By Tanner Mondok
In the last decade, 3-D printing has become more popular and many universities have been purchasing the technology. Because of that, it has become a unique method for education and research across the country.
At Youngstown State University, there are several 3-D printers located in Bliss Hall, Moser Hall and Williamson Hall.
The most accessible 3-D printing lab on campus is the Launch Lab located in the Williamson College of Business Administration. Any student or faculty member can stop by the lab and get ideas they have printed, for free, thanks to the help of the students who work there.
John Bordell, graduate assistant and Launch Lab coordinator, said that Launch Lab is a great resource that all students should utilize.
“We can help you design your part as well as do aesthetic work on it,” he said. “If you need any counseling on design or how the design looks … we can print multiple prototypes for you.”
Bordell said they are willing to work with any ideas that the students have for things they wish to create.
“It doesn’t have to necessarily be a viable business idea. It can be just something they’re playing around with,” Bordell said. “For example if you want to put your head on Batman’s body, we can scan someone’s head and make a 3-D model of it and a 3-D model of Batman and stick their head on it.”
In regards to what other universities are doing in other parts of the country, Bordell said that at Launch Lab they’re doing something new and there isn’t a specific model that they can attempt to duplicate.
“There’s 3-D printing labs in every university in the country but the difference with Launch Lab is that it’s geared towards business students,” he said. “I think there’s only one other 3-D printing lab that functions as a part of a business college that I know of in the states and it’s in Illinois.”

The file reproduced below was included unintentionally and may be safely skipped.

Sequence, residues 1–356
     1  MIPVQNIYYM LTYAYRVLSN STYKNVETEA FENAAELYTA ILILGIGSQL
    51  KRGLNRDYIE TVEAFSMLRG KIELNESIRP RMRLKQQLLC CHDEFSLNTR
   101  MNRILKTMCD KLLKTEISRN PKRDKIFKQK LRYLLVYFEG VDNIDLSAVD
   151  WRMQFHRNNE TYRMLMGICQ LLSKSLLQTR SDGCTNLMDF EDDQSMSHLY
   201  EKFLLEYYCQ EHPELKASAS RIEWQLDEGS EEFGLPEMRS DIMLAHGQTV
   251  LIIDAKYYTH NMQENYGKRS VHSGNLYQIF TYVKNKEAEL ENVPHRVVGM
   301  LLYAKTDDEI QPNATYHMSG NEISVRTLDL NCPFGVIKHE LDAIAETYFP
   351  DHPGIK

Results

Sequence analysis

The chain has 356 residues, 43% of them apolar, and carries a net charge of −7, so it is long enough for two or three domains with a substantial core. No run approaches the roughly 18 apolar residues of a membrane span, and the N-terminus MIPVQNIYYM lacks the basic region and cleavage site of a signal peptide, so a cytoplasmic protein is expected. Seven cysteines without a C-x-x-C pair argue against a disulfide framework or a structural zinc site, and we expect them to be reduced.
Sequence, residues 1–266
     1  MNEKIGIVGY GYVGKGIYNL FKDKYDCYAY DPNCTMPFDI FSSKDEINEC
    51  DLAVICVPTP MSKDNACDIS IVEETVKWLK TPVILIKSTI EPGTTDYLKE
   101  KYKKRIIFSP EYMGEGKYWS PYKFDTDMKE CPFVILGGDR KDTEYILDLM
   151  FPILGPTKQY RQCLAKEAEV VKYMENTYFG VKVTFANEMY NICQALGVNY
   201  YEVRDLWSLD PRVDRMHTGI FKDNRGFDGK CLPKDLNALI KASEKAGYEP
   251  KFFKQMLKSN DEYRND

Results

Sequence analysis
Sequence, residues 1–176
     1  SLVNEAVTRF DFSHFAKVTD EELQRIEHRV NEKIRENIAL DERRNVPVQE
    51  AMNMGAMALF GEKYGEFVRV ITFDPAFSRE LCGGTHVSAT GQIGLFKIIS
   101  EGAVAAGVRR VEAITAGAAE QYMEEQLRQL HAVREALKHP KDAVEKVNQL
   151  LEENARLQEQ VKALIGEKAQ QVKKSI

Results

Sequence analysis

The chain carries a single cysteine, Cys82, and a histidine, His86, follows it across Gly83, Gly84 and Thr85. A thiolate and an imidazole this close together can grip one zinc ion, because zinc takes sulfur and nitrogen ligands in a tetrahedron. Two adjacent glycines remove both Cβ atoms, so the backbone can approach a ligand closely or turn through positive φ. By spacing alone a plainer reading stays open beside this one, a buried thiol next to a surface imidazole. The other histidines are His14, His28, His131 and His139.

Robert Twomey, assistant professor of Digital Media, works with the 3-D printers in the Launch Lab and Bliss Hall and said that 3-D printing is highly accessible at YSU. He also said that the university offers plenty of opportunities for students.
Twomey added that he is doing a series of workshops this spring on 3-D printing which are open to students, faculty and staff.
“It’s been a way for people who aren’t in our program in the art department to start to learn about the techniques and have access to the equipment,” he said.
Cory Brozina, director of the First Year Engineering program, said that he just received four 3-D printers for the purpose of educating first year engineering students on 3-D printing.
“They are exclusively for first year engineering students and we just got them recently. It’s pretty exciting. This semester, students are working on a design project with OH WOW!” he said. “What they’re doing is they’re trying to design new exhibits to showcase an engineering principle. As part of the project they have to 3-D print something.”
Other than those four 3-D printers in Moser, there is another printing lab located in a different area of the building as well. Bordell said that the Center for Innovation in Additive Manufacturing is used for staff and faculty research.
“What they’re doing is researching different materials and different engineering techniques. So they might print something out of ABS, just a thin strip of it, and do testing on it to figure out the strength and integrity of the materials just to try and figure out what applications it can be used for,” he said. “This is a new field and we are all the tip of the spear in creating new and innovative ways to do this.”